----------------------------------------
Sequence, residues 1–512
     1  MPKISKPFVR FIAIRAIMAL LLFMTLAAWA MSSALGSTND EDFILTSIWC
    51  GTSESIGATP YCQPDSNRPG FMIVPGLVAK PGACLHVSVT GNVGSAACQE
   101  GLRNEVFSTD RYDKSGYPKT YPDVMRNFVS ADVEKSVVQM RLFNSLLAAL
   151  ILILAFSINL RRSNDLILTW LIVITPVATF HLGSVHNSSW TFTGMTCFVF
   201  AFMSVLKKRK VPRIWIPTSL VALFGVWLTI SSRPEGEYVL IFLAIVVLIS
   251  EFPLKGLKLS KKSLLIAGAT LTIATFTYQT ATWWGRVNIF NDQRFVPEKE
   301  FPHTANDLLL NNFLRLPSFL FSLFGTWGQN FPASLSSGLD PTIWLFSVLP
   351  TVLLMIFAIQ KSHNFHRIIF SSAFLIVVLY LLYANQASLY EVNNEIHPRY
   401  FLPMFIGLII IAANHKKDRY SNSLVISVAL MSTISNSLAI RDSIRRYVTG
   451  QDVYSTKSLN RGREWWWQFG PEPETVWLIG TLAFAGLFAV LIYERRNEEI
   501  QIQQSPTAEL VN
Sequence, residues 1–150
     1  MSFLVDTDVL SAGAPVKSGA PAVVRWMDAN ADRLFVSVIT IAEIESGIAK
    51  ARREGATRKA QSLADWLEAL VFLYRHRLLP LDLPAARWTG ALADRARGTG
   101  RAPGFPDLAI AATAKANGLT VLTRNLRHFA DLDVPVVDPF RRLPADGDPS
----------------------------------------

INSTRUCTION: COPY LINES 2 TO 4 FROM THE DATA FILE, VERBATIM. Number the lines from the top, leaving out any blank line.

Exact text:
     1  MPKISKPFVR FIAIRAIMAL LLFMTLAAWA MSSALGSTND EDFILTSIWC
    51  GTSESIGATP YCQPDSNRPG FMIVPGLVAK PGACLHVSVT GNVGSAACQE
   101  GLRNEVFSTD RYDKSGYPKT YPDVMRNFVS ADVEKSVVQM RLFNSLLAAL